Modernity: A Way of Urbanism -- Banaras in Indigenous Trans-Formations

Creative Space

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Field Value
 
Title Modernity: A Way of Urbanism -- Banaras in Indigenous Trans-Formations
 
Creator ANIMESH DEV
 
Subject Indigenous Modernity
Social Anthropology
Transforming Traditions
Urban Transformations
Urban Design Recommendations
 
Description Tradition of tomorrow is the modernity of today andToday’s tradition was the modernity of yesterday.
Modernity, as a process and not as an output, is a derivative of transformation. Transformations are different for diverse aspirations of its producers. Aspirations are negotiations between the needs and desires, and what can actually be achieved.Traditional beliefs and practices coexist, transform and sometimes depart from the original, as a result of aspirations of modernization and inspirations from the idea of modernity, to become modern. Since, a traditional urban community is deeply grounded in native tradition while becoming globally modern, an enquiry about how we are changing internally will lead us to the process of how we interpret and change modernity, thereby exploring various indigenous ways of becoming modern. Indigenous Modernity varies with different contexts and is a harmonious adaptation to contextual contemporary life. The cause for such transformations can be global but the effects will always be a derivative of indigenous reactions to modernity. In the city of Varanasi, the agents of modernity are spread across different periods, transforming the economic, social, and built fabric of the city. One can stretch the strands of transformations from the sacred core of the city (transformative layer of modernity, Kashi), to the outer periphery of the core (additive layer of modernity, Varanasi) and, sometimes to the trans-urban areas that grapple with global aspirations and new economic opportunities. This paper is based on a research aimed at discovering the transformations that have occurred under the forces of modernization within the physical fabric of Varanasi as well as within its society. Further, the study also looks at how sacred cities, the identity and intrinsic value of which are grounded in unassailable tradition, derive their ‘indigenous modernity’ to create a unique urbanism. An understanding will, thus, be made on modernity as something both deeply traditional and being constantlyreinvented through contemporary practices and of the signiicant link between modernity and transformation as a key to understand the phenomenon of ‘indigenous modernity’. The study spans from typological level, to the Mohalla level and, to the city level, and inally recommends ways of sustainable indigenous modernization.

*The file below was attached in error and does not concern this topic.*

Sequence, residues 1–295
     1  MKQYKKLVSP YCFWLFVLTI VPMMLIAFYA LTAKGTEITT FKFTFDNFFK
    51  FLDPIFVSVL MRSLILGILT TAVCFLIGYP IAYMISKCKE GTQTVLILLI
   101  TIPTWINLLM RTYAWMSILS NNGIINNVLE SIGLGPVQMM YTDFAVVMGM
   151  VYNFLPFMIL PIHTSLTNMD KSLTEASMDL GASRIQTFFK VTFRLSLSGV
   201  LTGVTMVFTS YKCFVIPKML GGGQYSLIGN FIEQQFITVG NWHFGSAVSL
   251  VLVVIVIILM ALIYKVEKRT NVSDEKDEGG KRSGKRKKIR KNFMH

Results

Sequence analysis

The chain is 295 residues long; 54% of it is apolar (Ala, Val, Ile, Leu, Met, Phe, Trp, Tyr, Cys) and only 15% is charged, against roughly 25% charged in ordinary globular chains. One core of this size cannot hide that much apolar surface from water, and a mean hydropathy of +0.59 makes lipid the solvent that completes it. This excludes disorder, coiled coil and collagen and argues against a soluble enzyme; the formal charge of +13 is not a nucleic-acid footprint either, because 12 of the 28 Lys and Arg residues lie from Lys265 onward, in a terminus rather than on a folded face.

Publisher Chitkara University Publications
 
Date 2016-07-04
 
Type info:eu-repo/semantics/article
info:eu-repo/semantics/publishedVersion
Peer-reviewed Article
 
Format application/pdf
 
Identifier https://cs.chitkara.edu.in/index.php/cs/article/view/125
10.15415/cs.2016.41001
 
Source Creative Space; Vol 4 No 1 (2016): Transformation, Reuse & Rehabilitation; 1-28
2321-7154
2321-3892
 
Language eng
 
Relation https://cs.chitkara.edu.in/index.php/cs/article/view/125/111
 
Rights Copyright (c) 2016 ANIMESH DEV
https://creativecommons.org/licenses/by/4.0/
 

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